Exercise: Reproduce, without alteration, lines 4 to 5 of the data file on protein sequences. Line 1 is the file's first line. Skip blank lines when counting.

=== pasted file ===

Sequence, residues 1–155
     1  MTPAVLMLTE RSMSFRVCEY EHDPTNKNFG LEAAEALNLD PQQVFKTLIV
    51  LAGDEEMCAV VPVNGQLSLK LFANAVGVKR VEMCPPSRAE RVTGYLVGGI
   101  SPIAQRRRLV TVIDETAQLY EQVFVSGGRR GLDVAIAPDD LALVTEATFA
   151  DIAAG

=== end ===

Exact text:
   101  SPIAQRRRLV TVIDETAQLY EQVFVSGGRR GLDVAIAPDD LALVTEATFA
   151  DIAAG